John is one of my favorite clients.

  • Passionate about his work
  • Still going strong in his 70s
  • But best of all –

John is a walking sound bite.

Someone like John is every business writer’s dream.

When he speaks, you can almost see the quotation marks around one of his clever comments.

That’s how I view the plugins that allow readers to click and tweet your best pearls. However, have you noticed some of those boxed tweet enticements fall flat?

How can your posts create the next walking sound bite? The kind your readers want to share. Click To Tweet

Tweet This or Not

If you are unfamiliar with the various plugins, WPLift rated their favorite plugins for adding tweet boxes to your posts.

I am on my second plugin, Better Click to Tweet. Apparently, the creators of my first one abandoned the maintenance. Never a good thing in our hacking world.

Why would you want to consider adding one of the plugins? I see three good reasons.

  1. Readers are more likely to click than comment.
  2. Tweets are easy to scan.
  3. Click to tweet text keeps your message simple, clear, and uniquely yours.

However, tweet boxes are only as good as what you put inside them.

Think of tweet boxes like giving a present.

  • The person either loves it (making you feel good, too)
  • Or they dump it in the nearest trash

Take time to get the present right.

3 Common ‘Tweet This’ Mistakes

Consider the point of these tweet titans. You want readers to click to tweet, right? But, you’d also like the tweet to bring people back to your site. At least in the ideal world.

So, with those points in mind, the following are common mistakes in creating Click to tweet text.

#1 – The Duh Tweet

We all do it. We state the obvious. You know, those dashed off statements that leave readers muttering – Duh.

The following are a few examples of Duh Duds. These are images I changed to protect the innocent (which may include me as I’ve done a Duh or two). So, don’t frustrate yourself by trying to click on the blue bird.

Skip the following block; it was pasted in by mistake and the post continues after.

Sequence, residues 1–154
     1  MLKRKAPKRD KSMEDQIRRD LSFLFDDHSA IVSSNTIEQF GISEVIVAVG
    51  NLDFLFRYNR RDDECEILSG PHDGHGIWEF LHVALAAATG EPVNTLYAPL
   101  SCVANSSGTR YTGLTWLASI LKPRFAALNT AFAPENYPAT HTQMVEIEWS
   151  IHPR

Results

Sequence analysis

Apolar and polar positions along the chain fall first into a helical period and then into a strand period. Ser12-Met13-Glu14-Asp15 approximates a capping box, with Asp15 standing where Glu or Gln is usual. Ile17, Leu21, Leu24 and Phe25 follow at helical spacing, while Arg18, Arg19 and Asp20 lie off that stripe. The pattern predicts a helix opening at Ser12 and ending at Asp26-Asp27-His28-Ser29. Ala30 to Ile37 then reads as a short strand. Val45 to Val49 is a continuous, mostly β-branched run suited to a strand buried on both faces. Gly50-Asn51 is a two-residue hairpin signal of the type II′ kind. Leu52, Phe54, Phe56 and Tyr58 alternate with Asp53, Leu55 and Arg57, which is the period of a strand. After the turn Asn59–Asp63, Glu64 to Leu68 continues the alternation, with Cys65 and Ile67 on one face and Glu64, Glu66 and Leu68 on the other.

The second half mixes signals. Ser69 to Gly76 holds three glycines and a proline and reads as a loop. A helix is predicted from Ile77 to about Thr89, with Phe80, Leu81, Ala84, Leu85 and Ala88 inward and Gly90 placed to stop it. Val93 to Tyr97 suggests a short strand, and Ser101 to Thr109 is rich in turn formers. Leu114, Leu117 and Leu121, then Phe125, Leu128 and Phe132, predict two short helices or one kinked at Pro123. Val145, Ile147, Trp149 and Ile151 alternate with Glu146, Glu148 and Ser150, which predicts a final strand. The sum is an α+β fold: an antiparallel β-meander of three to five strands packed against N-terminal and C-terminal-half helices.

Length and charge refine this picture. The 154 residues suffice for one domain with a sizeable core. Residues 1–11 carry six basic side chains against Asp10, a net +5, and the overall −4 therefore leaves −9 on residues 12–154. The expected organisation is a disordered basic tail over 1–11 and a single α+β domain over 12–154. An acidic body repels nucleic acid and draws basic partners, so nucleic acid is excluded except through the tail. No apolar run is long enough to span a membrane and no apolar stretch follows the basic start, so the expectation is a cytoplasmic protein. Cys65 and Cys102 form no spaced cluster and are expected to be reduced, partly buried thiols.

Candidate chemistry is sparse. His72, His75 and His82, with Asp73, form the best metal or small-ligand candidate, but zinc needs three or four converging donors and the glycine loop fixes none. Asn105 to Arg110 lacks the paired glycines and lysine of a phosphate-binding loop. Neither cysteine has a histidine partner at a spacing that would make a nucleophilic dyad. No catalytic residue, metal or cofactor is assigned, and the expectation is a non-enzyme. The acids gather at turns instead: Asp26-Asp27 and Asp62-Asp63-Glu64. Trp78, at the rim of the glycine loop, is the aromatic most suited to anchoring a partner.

But, I love to lose subscribers. Duh.

Business writing is often boring, but I don’t know too many writers who strive for boring. Duh.

Quick Duh check – read your “click to tweet” text and add the word – Duh. Does it fit?

Tweet This Not That

Instead of stating the obvious (the unwelcome loss of subscribers), identify what may contribute to that.

Or try this one on for size.

#2 – The Too Clever for Your Own Good Tweet

My mind can be a strange and scary place. I’ve written words I thought were ingenious, only to discover I’m alone in that belief.

Even if some of your readers “get it,” why would you want others to be in the dark?

Make sure your Click to tweet text doesn't need a decoder ring to understand. Click To Tweet

Okay, the above tweet box IS one you can Click to tweet.

#3 – The Taken Out of Context Tweet

How often have you heard someone under siege by media say their statement was taken out of context? You could say the same about some Click to tweet text.

  • Without the surrounding arms of your post, your meaning could be misconstrued
  • Or your words may not make sense without the accompanying post

Imagine if you saw the following on Twitter.

Huh? What step? What’s missing? What the heck are they talking about? What’s missing here is context.

Of course, there is the potential to go viral with the comments this could prompt in the Twitterverse.

And then there are the tweets that invite a misconstrued interpretation.

Uh, what are we talking about here? Ohhhh…business communication. Right.

Tweet This Fix

Bless the genius who first came up with the Click to tweet concept. The best ones become the sound bite people love to share.

Visualize your Click to tweet text on Twitter without the rest of your post. Ask yourself these three questions.

  1. Does the tweet state the obvious? (the Duh factor)
  2. Could the tweet confuse readers?
  3. Does it miss the connection to your post topic?

If you answered Yes on any of the three questions, rethink what you put inside the box.

A maxim is an expression of a general truth or principle. For example, You’re never too old to learn. You could say a maxim was the precursor to the sound bite.

Mark Twain had this to say about the “proper proportions” to a maxim.

“A minimum of sound to a maximum of sense.”

Makes sense to me. How about you?

  • Do you use Click to tweet boxes?
  • What tips do you have?
  • Do you have examples of a great sound bite?

Please share your thoughts in Comments. And, of course, feel free to Click to tweet on one of the above “live” tweet boxes.

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Helping you Keep it simple, clear & uniquely yours – contact me for help with your business writing needs.

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BigStock Photo Credit

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